Guest Blogger – Gretchen Uphol

Myth Busting – Your Path to Financial Sustainability

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​If your organization believes any of the three myths below, you may be struggling financially but you don’t know why.

Myth One: Endowments are the best route to financial sustainability.

Endowments are typically seen as a safe solution for nonprofits looking to bolster financial sustainability. Funds in an endowment are permanently restricted and invested to produce an ongoing income stream for an organization.

Critical Concept

As a general rule of thumb, an endowment only has a meaningful impact if the income from investments is large enough to provide at least 5 percent of an organization’s annual operating budget.  This requires a hefty-sized endowment, usually an amount that is at least equal to the budget size of the organization.

​It may be difficult—if not impossible—for the average community-based nonprofit to raise the funds necessary to generate the required income on an annual basis.  There is a better way.

Alternative strategy

For most small to midsize nonprofits a more realistic and attainable way to boost financial sustainability may be prioritizing the growth of operating reserves.  Operating reserves are liquid and unrestricted net assets currently available for nonprofit use.

These funds can be put in the same accounts and earn the same interest as endowment funds but these types of resources provide more flexibility, which is critical for leaders of ever-changing organizations. Rather than raised in a full scale capital campaign, operating reserves are either built up slowly over time—by generating modest operating surpluses each year—or, increasingly, the result of foundation grants targeted for the purpose of building a reserve.

Myth Two: Nonprofits can’t make a profit

We meet many nonprofit leaders who subscribe to the general sentiment that nonprofits should never make a “profit” on the services they provide.  Not only can nonprofits take in more money than they spend, they must do so to be sustainable over time.

Critical Concept

Without a surplus—some excess in revenue above your actual cost of providing services—there is virtually no way to generate reserves that can carry you over rough patches in funding or help launch new programmatic initiatives.

The first step toward building a financial reserve is to create an organizational culture that accepts and strives to generate operating surpluses. 

Alternative Strategy

Nonprofits can be transparent in their plans to establish reserves by developing a long-term plan that outlines financial goals and clear policies regarding how reserves will be used to strengthen the agency and better achieve its mission.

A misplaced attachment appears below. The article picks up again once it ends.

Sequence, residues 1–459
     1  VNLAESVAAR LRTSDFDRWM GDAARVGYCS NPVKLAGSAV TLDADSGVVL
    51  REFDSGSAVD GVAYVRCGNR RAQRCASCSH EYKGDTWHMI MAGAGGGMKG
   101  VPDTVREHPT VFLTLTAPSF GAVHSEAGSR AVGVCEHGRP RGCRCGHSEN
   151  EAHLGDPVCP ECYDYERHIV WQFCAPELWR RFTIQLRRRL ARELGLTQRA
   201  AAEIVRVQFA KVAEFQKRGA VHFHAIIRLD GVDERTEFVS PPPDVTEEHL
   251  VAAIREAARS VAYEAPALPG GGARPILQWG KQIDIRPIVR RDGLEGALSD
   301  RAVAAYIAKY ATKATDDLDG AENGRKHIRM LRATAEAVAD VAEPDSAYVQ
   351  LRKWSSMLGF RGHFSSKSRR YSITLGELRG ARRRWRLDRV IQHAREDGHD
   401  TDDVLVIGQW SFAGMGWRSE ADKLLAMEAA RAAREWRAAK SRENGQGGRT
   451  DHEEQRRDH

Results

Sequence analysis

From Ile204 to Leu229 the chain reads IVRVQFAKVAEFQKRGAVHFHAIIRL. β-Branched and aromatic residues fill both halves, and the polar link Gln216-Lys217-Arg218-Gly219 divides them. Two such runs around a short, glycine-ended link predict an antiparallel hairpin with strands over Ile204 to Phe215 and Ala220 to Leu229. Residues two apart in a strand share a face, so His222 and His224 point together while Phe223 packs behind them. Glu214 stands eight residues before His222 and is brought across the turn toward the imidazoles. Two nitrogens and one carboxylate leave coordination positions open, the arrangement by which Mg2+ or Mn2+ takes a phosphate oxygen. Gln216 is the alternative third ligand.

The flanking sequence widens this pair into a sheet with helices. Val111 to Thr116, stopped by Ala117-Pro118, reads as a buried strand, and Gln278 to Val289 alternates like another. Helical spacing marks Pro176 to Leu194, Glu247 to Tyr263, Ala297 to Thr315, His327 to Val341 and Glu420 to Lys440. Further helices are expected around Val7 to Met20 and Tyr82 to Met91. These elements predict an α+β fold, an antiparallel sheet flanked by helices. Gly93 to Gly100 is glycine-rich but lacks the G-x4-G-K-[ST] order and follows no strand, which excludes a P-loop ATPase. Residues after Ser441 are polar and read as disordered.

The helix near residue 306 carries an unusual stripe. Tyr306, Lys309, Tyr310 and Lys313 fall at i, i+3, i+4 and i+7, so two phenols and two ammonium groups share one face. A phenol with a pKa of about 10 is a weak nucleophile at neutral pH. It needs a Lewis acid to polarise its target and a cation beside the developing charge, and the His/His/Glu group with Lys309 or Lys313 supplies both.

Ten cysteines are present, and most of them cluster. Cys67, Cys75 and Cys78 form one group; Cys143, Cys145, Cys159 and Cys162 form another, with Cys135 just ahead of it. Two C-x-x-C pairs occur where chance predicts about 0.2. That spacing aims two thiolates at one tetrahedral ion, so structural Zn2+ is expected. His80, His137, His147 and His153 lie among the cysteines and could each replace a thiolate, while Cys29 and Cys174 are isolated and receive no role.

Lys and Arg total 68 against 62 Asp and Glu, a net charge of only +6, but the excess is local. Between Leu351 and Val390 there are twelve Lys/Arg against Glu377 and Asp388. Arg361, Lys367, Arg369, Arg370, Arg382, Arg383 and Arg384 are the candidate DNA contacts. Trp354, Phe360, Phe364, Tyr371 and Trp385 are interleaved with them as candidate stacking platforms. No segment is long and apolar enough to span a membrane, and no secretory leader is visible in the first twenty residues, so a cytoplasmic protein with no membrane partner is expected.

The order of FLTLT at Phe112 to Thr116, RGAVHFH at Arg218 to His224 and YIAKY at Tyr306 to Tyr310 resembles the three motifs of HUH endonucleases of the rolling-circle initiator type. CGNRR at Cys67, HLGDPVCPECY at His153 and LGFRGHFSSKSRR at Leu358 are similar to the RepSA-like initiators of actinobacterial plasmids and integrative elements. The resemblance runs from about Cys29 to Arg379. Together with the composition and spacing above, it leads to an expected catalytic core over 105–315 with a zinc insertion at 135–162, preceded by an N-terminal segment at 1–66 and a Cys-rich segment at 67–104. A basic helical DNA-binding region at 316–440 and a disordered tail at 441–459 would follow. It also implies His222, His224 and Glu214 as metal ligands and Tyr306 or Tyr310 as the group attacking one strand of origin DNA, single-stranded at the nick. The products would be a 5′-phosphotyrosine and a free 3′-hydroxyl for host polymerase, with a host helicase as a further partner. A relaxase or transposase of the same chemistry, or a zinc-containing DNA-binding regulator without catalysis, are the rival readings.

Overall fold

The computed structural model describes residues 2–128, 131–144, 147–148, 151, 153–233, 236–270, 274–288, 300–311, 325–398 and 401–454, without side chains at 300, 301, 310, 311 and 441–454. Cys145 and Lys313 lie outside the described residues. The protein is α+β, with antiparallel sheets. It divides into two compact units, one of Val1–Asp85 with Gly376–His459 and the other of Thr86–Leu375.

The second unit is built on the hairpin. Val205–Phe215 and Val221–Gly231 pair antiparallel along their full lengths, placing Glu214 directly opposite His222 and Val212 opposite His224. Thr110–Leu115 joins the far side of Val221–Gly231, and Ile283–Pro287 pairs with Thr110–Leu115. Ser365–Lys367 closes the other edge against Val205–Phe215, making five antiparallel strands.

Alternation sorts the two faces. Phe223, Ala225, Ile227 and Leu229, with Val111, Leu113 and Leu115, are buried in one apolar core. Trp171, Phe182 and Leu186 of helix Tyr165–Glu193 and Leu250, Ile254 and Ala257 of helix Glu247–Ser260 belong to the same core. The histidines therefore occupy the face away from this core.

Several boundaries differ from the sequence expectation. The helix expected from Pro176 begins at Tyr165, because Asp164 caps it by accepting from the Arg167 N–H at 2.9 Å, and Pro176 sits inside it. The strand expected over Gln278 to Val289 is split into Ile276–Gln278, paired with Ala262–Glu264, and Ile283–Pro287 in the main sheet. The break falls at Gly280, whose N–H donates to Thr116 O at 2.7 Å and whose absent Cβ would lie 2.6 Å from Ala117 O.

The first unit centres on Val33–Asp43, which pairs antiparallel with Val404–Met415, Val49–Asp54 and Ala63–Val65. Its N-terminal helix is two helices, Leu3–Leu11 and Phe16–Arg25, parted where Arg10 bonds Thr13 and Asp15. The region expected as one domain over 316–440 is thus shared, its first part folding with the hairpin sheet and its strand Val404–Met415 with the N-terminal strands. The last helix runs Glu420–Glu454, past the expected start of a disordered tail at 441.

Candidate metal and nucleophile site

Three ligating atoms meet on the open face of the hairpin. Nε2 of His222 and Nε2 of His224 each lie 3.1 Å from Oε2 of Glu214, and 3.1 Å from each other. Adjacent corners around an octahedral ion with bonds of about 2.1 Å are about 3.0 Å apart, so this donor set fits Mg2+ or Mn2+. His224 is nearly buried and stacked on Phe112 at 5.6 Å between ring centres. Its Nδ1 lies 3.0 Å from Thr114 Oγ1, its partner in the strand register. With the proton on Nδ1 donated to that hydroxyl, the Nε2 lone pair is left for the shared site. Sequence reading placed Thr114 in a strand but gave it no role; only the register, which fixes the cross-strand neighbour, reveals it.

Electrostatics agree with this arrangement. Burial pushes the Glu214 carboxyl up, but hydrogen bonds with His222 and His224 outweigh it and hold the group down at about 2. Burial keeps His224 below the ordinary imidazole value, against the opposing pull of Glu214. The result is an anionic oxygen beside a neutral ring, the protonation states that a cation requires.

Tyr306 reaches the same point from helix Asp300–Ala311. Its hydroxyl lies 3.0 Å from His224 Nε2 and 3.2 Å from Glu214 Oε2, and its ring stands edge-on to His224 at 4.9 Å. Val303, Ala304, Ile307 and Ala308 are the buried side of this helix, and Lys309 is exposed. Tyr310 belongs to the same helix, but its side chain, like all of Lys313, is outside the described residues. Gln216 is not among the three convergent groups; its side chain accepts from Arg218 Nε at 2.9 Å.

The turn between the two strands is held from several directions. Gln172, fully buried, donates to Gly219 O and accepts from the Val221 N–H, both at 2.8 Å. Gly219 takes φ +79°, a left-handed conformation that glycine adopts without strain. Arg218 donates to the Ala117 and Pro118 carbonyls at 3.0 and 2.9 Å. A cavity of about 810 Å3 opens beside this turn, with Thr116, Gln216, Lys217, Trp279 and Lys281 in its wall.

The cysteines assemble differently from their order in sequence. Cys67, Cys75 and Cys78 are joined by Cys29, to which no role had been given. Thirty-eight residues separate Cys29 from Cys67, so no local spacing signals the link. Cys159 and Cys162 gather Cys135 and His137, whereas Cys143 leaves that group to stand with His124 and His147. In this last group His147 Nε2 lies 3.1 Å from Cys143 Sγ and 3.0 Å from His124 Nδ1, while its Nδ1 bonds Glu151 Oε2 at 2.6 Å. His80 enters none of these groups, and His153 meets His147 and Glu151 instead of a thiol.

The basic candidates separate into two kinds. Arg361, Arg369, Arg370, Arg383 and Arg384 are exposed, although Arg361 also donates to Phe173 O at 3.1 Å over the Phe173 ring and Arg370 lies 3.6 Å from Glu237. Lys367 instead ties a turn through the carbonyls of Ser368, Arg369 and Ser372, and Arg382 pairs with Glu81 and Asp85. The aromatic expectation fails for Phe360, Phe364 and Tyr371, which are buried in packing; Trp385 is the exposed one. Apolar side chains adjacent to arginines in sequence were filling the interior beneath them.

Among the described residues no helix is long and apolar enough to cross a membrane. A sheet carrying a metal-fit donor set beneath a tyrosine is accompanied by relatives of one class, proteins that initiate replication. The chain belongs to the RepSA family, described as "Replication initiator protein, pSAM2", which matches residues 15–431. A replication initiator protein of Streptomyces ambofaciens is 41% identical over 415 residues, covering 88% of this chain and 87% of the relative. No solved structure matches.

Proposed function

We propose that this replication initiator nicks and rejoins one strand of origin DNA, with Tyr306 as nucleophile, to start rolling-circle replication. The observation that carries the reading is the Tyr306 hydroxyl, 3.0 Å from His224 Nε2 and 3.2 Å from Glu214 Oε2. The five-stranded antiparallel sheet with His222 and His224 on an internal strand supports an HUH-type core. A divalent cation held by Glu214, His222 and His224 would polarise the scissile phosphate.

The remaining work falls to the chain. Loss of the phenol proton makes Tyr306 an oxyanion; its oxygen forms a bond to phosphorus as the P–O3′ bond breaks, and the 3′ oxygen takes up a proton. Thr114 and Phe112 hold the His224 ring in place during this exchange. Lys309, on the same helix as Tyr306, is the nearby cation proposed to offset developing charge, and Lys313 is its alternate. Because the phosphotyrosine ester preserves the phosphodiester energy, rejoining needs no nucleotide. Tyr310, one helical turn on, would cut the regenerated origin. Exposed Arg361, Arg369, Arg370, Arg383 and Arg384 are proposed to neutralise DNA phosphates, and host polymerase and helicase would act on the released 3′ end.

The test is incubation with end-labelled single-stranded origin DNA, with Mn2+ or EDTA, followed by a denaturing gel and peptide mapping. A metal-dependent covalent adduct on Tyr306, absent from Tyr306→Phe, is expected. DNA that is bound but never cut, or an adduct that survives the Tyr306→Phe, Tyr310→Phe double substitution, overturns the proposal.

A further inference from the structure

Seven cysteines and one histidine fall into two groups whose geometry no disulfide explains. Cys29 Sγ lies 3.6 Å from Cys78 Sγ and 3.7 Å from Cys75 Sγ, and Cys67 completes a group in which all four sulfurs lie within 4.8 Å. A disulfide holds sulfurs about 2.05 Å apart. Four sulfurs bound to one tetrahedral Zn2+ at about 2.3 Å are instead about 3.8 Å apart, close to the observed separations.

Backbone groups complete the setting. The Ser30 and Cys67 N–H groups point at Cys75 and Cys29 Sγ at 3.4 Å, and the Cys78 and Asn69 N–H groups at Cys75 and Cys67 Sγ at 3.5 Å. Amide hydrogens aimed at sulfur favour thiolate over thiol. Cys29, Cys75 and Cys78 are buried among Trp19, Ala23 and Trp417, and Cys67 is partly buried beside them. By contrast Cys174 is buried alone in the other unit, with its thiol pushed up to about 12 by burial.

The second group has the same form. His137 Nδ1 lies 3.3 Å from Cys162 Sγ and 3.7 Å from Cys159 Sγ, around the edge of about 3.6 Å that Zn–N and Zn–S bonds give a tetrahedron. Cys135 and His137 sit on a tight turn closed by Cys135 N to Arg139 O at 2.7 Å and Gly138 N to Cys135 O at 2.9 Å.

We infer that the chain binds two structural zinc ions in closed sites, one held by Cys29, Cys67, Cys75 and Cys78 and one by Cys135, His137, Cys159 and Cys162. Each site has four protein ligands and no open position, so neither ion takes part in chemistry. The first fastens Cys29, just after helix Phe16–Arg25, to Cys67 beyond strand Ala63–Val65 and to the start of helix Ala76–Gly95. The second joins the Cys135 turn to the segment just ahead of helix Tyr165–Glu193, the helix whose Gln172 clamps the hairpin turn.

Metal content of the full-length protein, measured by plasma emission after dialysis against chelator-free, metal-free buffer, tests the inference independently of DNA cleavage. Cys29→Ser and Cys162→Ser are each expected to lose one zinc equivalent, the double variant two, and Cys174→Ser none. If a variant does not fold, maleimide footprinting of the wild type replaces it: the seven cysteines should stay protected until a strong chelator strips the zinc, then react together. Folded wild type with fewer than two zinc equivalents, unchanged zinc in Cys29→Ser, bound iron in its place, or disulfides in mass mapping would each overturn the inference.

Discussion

Myth Three: Building reserves is not a priority for organizations with chronic cash challenges.

For organizations facing chronic cash flow shortages, building an operating reserve can feel not only daunting, but perhaps even unrealistic.

Critical Concept

It is the organizations faced with chronic cash challenges that stand to benefit the most from a culture of financial management oriented towards long-term stability.

It is possible for a cash-strapped organization to come to an understanding of what needs to be done to restore stability and commit to a rigorous financial fitness plan.

Alternative Strategy

Though it may be a slow and incremental process, it is possible for any organization to embark on the path of building financial reserves. What matters most is having the long-term vision, commitment, and tenacity to build and maintain operating reserves, even in the face of other obligations and distractions.

Operating reserves — liquid savings readily available for opportunities and emergencies alike — can be a game changer for nonprofit organizations. ​

Join Gretchen for one or both of her upcoming workshops on March 6, Telling Your Organization’s Financial Story (9:30am-4:30pm) and March 7. Operational Excellence (9:30am-12:30pm). Visit to learn more!

Gretchen Upholt, an experienced staff and program manager, has expertise in training, capacity building, research, and program and volunteer management. Before joining the FMA team, Gretchen served as the head of the Volunteer Department at the Thabyay Education Network in Thailand. In that role Gretchen developed a strategic plan to improve monitoring and evaluation and program management in her department. Gretchen holds a Masters of Public Administration in Public and Nonprofit Management from NYU’s Wagner School of Public Service, where she was a Head Teaching Colleague for the core finance and management classes. ​